• Slide 11
  • Various Cover Art
  • Slide 12
  • Predictions To predict means to declare or tell in advance; prophesy; foretell. For example: to predict the weather; to predict the fall of a civilization. Write a well developed paragraph of 5-7 sentences stating your predictions for the prequel, The Hobbit.
  • Slide 13
  • Essential Question What are the elements of effective annotation of a text? Task: Group and independent reading and note taking Standards: ELACC7RL1, ELACC7RL3, ELACC7RL6, ELACC7W9, ELACC7SL6, ELACC7L4
  • Slide 14
  • Annotation Definition: An annotation is a brief description or summary of a work such as an article, chapter of a book, book, website, or movie. An annotation attempts to give enough information to make a decision as to whether or not to read the complete work. Annotations may be descriptive or critical. Close Reading and Annotation: Keeping Middle School Students Focusing on the TextClose Reading and Annotation: Keeping Middle School Students Focusing on the Text pg (21-24)
  • Slide 15
  • S.O.A.P.S.Tone S: SPEAKER: the voice that tells the story; not the author O: OCCASION: time and place of the piece; time and place of the piece; context that encouraged the writing to happen; the event that prompted the speaker to speak A: AUDIENCE: the group of readers to whom this piece is directed P: PURPOSE: the reason behind the text S: SUBJECT: general topic, content, and ideas contained in the text in a few words or short phrase T: TONE: authors attitude toward the subject; through the authors choice of words, among other things
  • Slide 16
  • Getting Ready to Read On the next slide we will be reading, The Gettysburg Address, please copy these in your notes to be prepared to read and complete the annotation. Speaker______________________________ Occasion______________________________ Audience______________________________ Purpose_______________________________ Subject________________________________ Tone__________________________________
  • Slide 17
  • Practice Using S.O.A.P.S.Tone The Gettysburg Address Abraham Lincoln Four score and seven years ago our fathers brought forth on this continent a new nation, conceived in liberty, and dedicated to the proposition that all men are created equal. Now we are engaged in a great civil war, testing whether that nation, or any nation so conceived and dedicated, can long endure. We are met on a great battlefield of that war. We have come to dedicate a portion of that field as a final resting place for those who here gave their lives that that nation might live. It is altogether fitting and proper that we should do this. But, in a larger sense, we cannot dedicate, we cannot consecrate, we cannot hallow this ground. The brave men, living and dead, who struggled here, have consecrated it far above our poor power to add or detract. The world will little note nor long remember what we say here, but it can never forget what they did here. It is for us, the living, rather, to be dedicated here to the unfinished work which they who fought here have thus far so nobly advanced. It is rather for us to be here dedicated to the great task remaining before us that from these honored dead we take increased devotion to that cause for which they gave the last full measure of devotion, that we here highly resolve that these dead shall not have died in vainthat this nation, under God, shall have a new birth of freedom and that government of the people, by the people, for the people, shall not perish from the earth.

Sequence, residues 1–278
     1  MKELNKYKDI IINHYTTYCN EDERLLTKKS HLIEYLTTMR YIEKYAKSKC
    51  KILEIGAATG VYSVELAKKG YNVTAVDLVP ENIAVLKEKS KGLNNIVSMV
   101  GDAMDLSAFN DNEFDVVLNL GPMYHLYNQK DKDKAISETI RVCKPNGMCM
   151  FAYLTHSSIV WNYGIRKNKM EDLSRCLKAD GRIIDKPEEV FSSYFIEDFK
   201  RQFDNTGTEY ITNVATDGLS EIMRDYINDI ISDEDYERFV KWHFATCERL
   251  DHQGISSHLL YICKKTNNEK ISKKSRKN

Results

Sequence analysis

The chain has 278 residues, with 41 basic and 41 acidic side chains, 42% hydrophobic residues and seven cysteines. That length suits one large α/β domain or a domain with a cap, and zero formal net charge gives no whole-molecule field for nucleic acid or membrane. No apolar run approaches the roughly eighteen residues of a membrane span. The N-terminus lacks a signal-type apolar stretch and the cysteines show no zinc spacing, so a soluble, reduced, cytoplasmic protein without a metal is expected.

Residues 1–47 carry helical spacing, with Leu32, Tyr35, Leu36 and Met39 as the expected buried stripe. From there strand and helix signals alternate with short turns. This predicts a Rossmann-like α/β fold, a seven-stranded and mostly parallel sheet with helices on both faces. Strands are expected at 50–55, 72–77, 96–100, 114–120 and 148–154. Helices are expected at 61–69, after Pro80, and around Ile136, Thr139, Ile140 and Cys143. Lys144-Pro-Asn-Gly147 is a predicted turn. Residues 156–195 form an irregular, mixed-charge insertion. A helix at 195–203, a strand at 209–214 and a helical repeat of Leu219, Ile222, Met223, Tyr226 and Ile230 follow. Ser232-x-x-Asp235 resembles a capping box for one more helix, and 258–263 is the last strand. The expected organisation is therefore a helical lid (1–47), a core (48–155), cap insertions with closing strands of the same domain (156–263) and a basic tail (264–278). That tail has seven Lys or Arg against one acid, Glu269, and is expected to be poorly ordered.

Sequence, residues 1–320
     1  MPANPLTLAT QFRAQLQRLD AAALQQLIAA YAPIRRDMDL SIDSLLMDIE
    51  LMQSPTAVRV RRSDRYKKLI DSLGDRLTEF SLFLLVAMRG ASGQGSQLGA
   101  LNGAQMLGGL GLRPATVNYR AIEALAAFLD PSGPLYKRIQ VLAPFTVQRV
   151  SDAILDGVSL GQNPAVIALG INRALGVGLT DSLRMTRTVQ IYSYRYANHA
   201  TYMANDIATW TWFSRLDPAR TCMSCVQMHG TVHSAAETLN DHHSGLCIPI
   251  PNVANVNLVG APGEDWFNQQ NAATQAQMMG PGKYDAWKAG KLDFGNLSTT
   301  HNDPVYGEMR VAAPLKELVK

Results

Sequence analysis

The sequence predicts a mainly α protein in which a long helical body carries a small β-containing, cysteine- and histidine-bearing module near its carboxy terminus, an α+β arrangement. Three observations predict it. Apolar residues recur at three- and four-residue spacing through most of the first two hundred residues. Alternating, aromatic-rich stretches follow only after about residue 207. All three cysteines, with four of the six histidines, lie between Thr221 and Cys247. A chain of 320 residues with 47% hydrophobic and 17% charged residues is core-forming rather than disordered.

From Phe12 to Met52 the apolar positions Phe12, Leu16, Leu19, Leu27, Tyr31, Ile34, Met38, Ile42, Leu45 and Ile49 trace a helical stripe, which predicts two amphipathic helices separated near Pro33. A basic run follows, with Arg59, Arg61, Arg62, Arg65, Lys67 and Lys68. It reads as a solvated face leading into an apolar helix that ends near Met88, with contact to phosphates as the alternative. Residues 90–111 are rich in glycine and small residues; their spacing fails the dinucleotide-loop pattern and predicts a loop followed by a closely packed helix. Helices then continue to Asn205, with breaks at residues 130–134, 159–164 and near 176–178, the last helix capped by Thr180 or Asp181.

• Slide 18
  • Answers for Gettysburg Address Annotation Speaker: A leader of a nation of people: United States President Occasion: The Civil War in the United States Audience: Actual: Union supporters and defenders: Ultimate: Readers of Historical Information Purpose: To enlist continued support for the war effort and for freedom Subject: Perseverance of a nation for the cause of freedom Tone: Passionate regarding unity and freedom
  • Slide 19
  • Chapter 1: Group Read Aloud Practice Annotation with Chapter 1 of The Hobbit Focus your notes on the elements of plot, character/characterization, literary elements, prose style of the author, and any unknown words (explore these!) Homework: Read Chapter 2, annotate with attention to Tolkiens literary strategies using your own background knowledge of diction, syntax, imagery, figurative language, tone, style, etc. These will be discussed in class tomorrow.
  • Slide 20
  • Essential Question What literary concepts should I notice in literary analysis? Task: Illustrate terms, search text, identify sentence structure, echo write Standards: ELACC7RL3, ELACC7RL4, ELACC7W9, ELACC7L4, ELACC7L5, ELACC7L1
  • Slide 21
  • Homework from Chapt